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The Fed: Fed still thinks surging U.S. inflation won’t last, but it’s now hedging its bets

The Federal Reserve has finally thrown in the towel. The central bank on Wednesday admitted U.S. inflation is likely to “exceed 2% for some time.”

For most of the year, Chairman Jerome Powell and other senior Fed officials insisted a big spike in inflation was largely “transitory” and would fade to 2% or less by the end of 2021. Only in the past few months have they changed their tune as inflation mounted.

The yearly pace of inflation, for instance, surged to 4.4% in the 12 months as of September and touched a 30-year high, using the Fed’s preferred PCE price gauge. And the consumer price index increase has risen a sharper 5.4% over the past year.

Inflation is eating into worker wage gains, raising the cost of living and could even threaten the U.S. economic recovery. Households are paying more for food, gas, rent and new cars, to cite a few notable examples.

Before the pandemic consumer prices had been rising a scant 1.5% to 2% a year.

Powell and the Fed still insist the surge in inflation largely reflects “factors that are expected to be transitory,” such as shortages of labor and business supplies. Yet they also stressed they can’t say precisely when price pressures will fade.

Powell on Wednesday even suggested the word “transitory” has confused Wall Street
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He said transitory merely means the surge in inflation won’t become permanent or leave long-lasting scars on the economy.

Still, the Fed chairman acknowledged the spike in inflation has understandably made people worried, especially those on lower incomes who are getting hurt the most by rising prices.

“The level of inflation we have right now is not consistent with price stability,” he said. The Fed wants inflation to average about 2% a year.

While he stressed it’s too soon to raise interest rates — the normal response to higher inflation — he insisted the Fed will “use our tools as necessary” to keep price pressures in check.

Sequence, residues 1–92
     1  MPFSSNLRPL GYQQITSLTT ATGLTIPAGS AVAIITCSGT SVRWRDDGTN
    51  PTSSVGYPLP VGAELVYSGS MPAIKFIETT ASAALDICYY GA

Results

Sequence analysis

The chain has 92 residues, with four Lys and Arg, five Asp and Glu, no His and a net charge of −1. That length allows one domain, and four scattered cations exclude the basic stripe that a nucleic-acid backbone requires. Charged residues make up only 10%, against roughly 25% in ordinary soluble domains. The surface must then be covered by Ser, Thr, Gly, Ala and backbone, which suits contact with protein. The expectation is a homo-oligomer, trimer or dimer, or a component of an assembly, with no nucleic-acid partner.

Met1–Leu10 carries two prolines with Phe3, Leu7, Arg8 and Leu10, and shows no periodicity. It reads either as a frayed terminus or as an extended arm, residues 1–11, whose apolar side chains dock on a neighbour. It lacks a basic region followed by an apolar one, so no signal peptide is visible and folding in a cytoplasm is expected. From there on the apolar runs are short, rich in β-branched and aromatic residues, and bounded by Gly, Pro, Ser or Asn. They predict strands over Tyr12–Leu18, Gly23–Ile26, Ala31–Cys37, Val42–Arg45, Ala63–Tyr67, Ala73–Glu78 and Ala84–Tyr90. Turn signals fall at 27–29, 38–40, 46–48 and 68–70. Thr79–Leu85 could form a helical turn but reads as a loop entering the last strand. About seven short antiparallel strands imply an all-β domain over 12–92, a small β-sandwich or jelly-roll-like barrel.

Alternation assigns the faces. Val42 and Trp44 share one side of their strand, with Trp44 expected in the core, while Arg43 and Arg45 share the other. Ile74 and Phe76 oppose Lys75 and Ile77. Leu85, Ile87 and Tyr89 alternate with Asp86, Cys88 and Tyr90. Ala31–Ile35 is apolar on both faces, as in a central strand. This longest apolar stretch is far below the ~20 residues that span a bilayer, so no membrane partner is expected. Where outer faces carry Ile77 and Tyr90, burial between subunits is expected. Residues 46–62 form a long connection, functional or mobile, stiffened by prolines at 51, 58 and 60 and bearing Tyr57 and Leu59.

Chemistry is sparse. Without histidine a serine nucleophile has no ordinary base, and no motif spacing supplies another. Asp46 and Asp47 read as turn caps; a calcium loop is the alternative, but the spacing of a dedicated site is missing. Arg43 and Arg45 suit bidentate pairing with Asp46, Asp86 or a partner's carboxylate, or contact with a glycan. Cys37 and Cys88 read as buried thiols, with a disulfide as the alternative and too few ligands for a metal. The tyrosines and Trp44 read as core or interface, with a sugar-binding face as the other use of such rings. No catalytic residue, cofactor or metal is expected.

The first step the Fed is taking is to phase out its massive $120 billion bond-buying program which was adopted early in the pandemic to keep interest rates low and support the economy. The central bank will start to taper purchases by $15 billion a month starting in mid-November.

Read: Fed to end massive stimulus strategy for the economy

Powell said the end of bond purchases will give the Fed more flexibility to combat high inflation if it persists.

The increase in inflation is widely attributed to shortages of labor and supplies that emerged after the full reopening of the economy earlier in the year.

Demand for a broad range of goods and services soared and businesses were unable to keep up, in no small part because of bottlenecks in global supply chains that disrupted the flow of goods around the world. Massive stimulus spending from Congress in Washington also fueled the surge in consumer demand.

Powell said he expects the supply bottlenecks to relent by next spring or summer and ease the upward pressure on inflation, though he cautioned “the timing of that is high uncertain.”

Some economists are skeptical.

They point out that price increases have spread beyond a narrow range of categories in the spring to encompass a broader range of goods and services. What’s more, the cost of labor is also surging and feeding into higher inflation.

“The developments related to inflation over the past few months have been troubling,” said chief economist Stephen Stanley of Amherst Pierpont Securities.

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